New students engage in ‘Three Books Chats’
During a recent online discussion about Signs Preceding the End of the World, incoming Stanford students posed questions, discussed themes and shared favorite passages from the novel, which they read over the summer under the Three Books program.
Signs, written by contemporary Mexican author Yuri Herrera, tells the apocalyptic story of a young woman, Makina, and her journey from Mexico into the United States. Makina, who was raised in an environment that taught her how to survive a violent, macho-driven society, is smuggled across the border to find her brother. She carries two secret messages – one from her mother and one from the Mexican underworld that facilitated her crossing.
Through the online forum, students talked to each other about the novel:
“When I hear the word ‘epic,’ I associate stories about Oedipus, Hercules or Jason and the Golden Fleece,” one student wrote. “Each of those men were sent on quests in ancient times to foreign lands where they encountered mythical and surreal phenomena. I hadn’t realized until now that Makina faces a similar situation, but in a different part of the world, a different identity and a different time.”
“I would love to hear Herrera’s personal take on how one’s identity is affected by the culture or language they speak,” another student wrote. “Throughout the book, but particularly in the last two chapters, Makina’s ‘transformation’ as a character seems to show that it is incredibly difficult to hold on to one’s former or original self after being in a new environment.”
Alexis Marie Pearce, a fourth-year doctoral candidate in the Department of Iberian and Latin American Cultures, moderated the chat, posing questions, sharing insights and guiding the conversation. Responding to one student post, she wrote:
“I found your reflections on Makina’s seeming lack of emotion to be very interesting. You are right – she seems to be just moving forward with her journey with a definite sense of self-assuredness that might even be considered hubris! Could the novel be considered a tragedy, and if so, would this be her tragic flaw?”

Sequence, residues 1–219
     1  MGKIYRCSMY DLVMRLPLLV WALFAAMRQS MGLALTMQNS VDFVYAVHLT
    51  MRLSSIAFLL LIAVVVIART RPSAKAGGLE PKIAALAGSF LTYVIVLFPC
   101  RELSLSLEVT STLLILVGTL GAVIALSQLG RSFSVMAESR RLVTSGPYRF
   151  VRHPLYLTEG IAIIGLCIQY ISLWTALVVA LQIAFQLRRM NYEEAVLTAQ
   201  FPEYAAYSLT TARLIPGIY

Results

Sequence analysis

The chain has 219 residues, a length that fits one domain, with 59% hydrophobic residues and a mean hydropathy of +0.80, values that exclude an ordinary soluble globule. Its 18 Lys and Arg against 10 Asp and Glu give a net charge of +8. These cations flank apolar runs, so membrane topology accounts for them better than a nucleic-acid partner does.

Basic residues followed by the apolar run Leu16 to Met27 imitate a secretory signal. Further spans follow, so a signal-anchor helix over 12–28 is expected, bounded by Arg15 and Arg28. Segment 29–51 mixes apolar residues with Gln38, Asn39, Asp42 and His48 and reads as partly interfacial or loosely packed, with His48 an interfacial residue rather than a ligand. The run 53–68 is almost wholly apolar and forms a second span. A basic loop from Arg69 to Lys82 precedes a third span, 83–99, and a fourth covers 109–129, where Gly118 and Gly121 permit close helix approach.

A family memoir and a spy thriller
Signs was the subject of the first Three Books Chat for Three Books, a signature Stanford program that introduces incoming undergraduate students – first-year and transfer students – to intellectual life on the Farm through the shared experience of reading, thinking about and discussing the same three books.
Stanford mailed the books to students across the nation and around the world in late spring, along with a letter from José David Saldívar, the Leon Sloss Jr. Professor of Comparative Literature, the faculty member who selected the books.
In addition to Signs, the students received Brother, I’m Dying, an award-winning family memoir by Edwidge Danticat, who emigrated from Haiti to the United States when she was 12; and Native Speaker, a corporate spy thriller by Chang-rae Lee, an acclaimed author and the Ward W. and Priscilla B. Woods Professor in the English Department and Creative Writing Program of the School of Humanities and Sciences at Stanford.
In coming weeks, Paula Moya, the Danily C. and Laura Louise Bell Professor of the Humanities, will moderate a Three Books Chat about Brother, I’m Dying, and Saldívar will lead a discussion of Native Speaker and the other two books.
Engaging on challenging topics
In his letter, Saldívar told the incoming students they would find peers, mentors and teachers who are passionate about – and expert in – the full range of human endeavor at Stanford, people who would expand their perspective and challenge their preconceptions.
“Like many topics that you will encounter at Stanford, the subjects addressed in these books are complex, and none of them has an easy, self-evident solution,” he wrote. “As an incoming student, Three Books will initiate you to the experience of engaging with peers and instructors around challenging topics, critically and respectfully, with an open mind.
Saldívar said the three books share a common theme: globality and migration.
“Twenty-first century migration has not only been driven by processes of decolonization set in motion after World War II, but also by possibilities set in motion by technological advance and new phases of late capitalism that we are now living in,” he said.
“Illustrating the impact of such diverse, linked processes over time, the United Nations reports that there are now some 213 million migrants who have been forced to leave their homes: refugees, exiles and immigrants.”
He said the books pose universal questions:
“Why is staying at home so much harder to do? Why is there a terrible abyss forced between a human being and a native place, between the self and its true home? Why is there a new aesthetics of aquí [here] and allá [there] in world literature? Our three books can answer these questions and more.”
Saldívar will welcome the authors of the books to campus to participate in a panel during New Student Orientation. The four-day event introduces incoming students to the wide array of academic, intellectual, leadership, cultural and social experiences available at Stanford.